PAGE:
by TDA Executive Director Debby Jackson
We all know that Wisconsin's transportation funding challenges are long in the making and not solved by the recently enacted federal infrastructure law. The much-needed additional federal money will allow Wisconsin to make progress on some key objectives. Nonetheless, it alone will not address all our transportation network's pressing needs.
But let's not kid ourselves. There are people who think that with the "windfall" of federal funds, the problem of our underfunded system is in our past or at least paused.
Just look at Ohio as an example. In 2019, the Republican governor and a legislature controlled by the same party passed a package that increased the state gas tax by 10.5 cents per gallon and the diesel tax by 19 cents and implemented annual registration fees for electric and plug-in hybrid vehicles. This was the compromise. The governor originally requested an 18-cent gas tax increase.
Now, an Ohio state senator (R) wants to roll back the state's gasoline tax and other user fees to pre-2019 levels for the next five years. And he has 15 co-sponsors at this time, seven less than the 22 senators that approved the 2019 user fee increases.
"The federal government is giving us ten times more money than what we thought we would need for our infrastructure costs. Why don't we give it back to Ohioans to spend themselves to generate more money in our economy?" the senator said. "The gas tax is really a tax on the poor because they can least afford another $5 or $10 a month more in gas."
Now, I don't know how the senator is making his calculations. According to news reports, the senator says the increased state user fees are expected to generate around $1.5 billion annually, which is questionable as that is more than the roughly $900 million estimated at the time of the package's enactment. He compares this to the $2.3 billion a year he says the state will receive from the federal infrastructure law. However, he is obviously not taking Ohio's base federal funding into account. Back that out, and the increase in federal formula transportation dollars is about $550 million yearly.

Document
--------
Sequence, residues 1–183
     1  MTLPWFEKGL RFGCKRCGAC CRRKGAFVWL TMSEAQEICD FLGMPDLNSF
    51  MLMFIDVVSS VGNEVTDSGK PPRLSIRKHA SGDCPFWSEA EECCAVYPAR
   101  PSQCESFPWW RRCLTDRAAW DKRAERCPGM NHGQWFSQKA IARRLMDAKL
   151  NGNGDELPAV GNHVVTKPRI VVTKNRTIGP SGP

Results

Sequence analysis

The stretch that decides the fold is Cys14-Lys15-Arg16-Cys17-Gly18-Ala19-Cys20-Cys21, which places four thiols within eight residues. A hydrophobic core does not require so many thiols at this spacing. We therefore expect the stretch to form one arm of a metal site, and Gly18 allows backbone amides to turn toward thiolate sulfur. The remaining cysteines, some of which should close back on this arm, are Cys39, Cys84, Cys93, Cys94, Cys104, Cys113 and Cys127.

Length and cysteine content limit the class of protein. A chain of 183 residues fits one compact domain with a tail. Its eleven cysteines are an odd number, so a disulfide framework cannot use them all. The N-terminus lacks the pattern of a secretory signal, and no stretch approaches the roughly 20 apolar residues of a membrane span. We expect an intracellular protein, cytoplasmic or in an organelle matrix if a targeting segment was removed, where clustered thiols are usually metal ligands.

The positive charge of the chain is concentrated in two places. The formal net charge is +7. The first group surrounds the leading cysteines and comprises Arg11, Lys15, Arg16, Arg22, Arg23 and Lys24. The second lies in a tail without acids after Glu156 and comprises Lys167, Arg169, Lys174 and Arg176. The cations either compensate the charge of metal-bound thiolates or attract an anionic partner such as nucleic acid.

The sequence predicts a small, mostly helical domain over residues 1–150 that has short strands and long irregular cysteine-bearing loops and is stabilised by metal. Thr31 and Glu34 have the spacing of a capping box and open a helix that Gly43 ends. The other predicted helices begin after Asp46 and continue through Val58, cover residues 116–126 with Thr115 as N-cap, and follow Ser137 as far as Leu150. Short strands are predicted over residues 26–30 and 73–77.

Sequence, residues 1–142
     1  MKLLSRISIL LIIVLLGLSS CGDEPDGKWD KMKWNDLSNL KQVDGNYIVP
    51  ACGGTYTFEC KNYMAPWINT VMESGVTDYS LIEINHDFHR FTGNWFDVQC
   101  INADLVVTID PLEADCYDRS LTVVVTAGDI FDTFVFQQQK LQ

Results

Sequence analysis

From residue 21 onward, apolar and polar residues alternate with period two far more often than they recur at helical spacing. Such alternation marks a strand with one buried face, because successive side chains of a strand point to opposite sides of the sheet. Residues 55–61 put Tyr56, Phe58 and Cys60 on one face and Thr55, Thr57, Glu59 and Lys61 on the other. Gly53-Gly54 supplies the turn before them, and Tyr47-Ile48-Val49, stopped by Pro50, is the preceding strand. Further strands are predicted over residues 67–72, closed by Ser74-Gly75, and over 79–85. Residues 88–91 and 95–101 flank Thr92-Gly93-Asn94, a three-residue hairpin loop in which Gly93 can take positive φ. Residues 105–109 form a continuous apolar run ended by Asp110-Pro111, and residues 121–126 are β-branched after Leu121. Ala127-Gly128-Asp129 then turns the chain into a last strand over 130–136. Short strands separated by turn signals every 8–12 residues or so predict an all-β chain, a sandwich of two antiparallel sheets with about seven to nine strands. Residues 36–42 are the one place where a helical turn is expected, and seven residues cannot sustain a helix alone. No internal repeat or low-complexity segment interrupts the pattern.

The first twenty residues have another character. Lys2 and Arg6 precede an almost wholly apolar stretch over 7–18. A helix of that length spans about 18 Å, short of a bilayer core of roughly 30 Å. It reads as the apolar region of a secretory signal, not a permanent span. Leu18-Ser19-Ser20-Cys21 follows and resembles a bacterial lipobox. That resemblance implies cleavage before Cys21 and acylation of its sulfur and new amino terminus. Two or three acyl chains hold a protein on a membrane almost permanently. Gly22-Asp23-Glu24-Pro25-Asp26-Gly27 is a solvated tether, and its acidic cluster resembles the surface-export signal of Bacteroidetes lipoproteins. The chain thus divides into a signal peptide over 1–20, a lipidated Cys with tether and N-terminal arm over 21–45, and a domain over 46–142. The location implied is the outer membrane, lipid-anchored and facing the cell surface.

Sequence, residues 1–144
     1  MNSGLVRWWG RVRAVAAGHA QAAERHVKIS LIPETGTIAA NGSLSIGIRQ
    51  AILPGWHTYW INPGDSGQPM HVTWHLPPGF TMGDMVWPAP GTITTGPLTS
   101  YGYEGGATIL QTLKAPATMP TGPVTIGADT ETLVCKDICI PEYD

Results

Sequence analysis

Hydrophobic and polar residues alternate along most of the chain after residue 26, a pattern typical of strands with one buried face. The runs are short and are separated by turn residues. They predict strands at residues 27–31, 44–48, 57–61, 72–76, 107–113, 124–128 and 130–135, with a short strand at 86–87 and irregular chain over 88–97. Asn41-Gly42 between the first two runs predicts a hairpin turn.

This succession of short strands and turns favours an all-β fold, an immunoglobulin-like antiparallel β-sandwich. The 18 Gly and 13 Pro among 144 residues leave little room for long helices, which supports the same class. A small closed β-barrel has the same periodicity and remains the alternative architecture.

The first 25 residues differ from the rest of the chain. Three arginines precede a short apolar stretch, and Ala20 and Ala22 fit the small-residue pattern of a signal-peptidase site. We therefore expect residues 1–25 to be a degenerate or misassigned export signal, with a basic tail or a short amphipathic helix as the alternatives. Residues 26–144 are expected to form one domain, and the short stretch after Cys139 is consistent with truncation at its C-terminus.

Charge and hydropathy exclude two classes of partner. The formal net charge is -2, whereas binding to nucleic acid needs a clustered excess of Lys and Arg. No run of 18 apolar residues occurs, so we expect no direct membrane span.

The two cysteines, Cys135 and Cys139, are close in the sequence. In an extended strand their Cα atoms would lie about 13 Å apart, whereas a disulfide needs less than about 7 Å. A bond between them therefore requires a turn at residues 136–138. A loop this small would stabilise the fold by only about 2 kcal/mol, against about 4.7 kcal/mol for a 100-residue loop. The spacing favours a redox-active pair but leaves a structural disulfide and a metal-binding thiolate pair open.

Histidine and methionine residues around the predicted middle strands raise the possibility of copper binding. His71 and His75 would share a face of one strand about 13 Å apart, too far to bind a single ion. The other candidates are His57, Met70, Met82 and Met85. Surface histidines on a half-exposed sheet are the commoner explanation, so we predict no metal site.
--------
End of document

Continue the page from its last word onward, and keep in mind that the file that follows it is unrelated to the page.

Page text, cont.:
Walking away from the 2019 user fee increases necessary to maintain the Ohio's transportation system seems like a move in the wrong direction to me. And it appears the governor agrees as he has asked legislators to put the brakes on this proposal.
In addition, the great majority of a panel of 32 Ohio economists said in a survey that the proposal to cut the state's gas tax is a bad idea. As one economist wrote, "This proposal simply shifts burdens; while motorists save pennies at the pump, dollars will be spent on expedited vehicle depreciation and in repair shops over the five years plus of highway maintenance neglect."
Ohio is not alone. I am currently tracking seven other states considering undoing recent increases to the gas tax, pausing inflationary increases, or floating gas tax holidays. I am not saying anything like this will pop up in Wisconsin. Still, we should proceed as if it could. To that end, TDA's January blog (below) tackles the boost in federal funding and how it plays only a part in Wisconsin possibly moving beyond slowing the decline of transportation conditions to actually improving the system. This column is the first of many planned communications to set the narrative.
In 2022, we need to:
- Get ready to move projects and programs forward;
- Explain what the federal money will do and what it won't do;
- Show how increased investment will benefit the public and our economy; and
- Highlight new and growing hurdles to sustainable transportation funding, including increased fuel economy, the transition to electric vehicles, and inflation.
We have a lot of work to do. Traditionally in the spring, TDA heads to DC for the Fly-in. All the same, the timing is not right for an event this spring. This decision, reached with member input, is as much about the amount of work many members must do early this year to ensure Wisconsin can obligate all its fiscal year 2022 funds as it is about COVID and the DC mandates and restrictions. We continue to look for possible options later this year.
We must seize the moment and ensure this infusion of federal funds is the next step toward ongoing and adequate funding for a transportation system that supports Wisconsin's vibrant communities and growing economy. Otherwise, we will be playing a zero-sum game.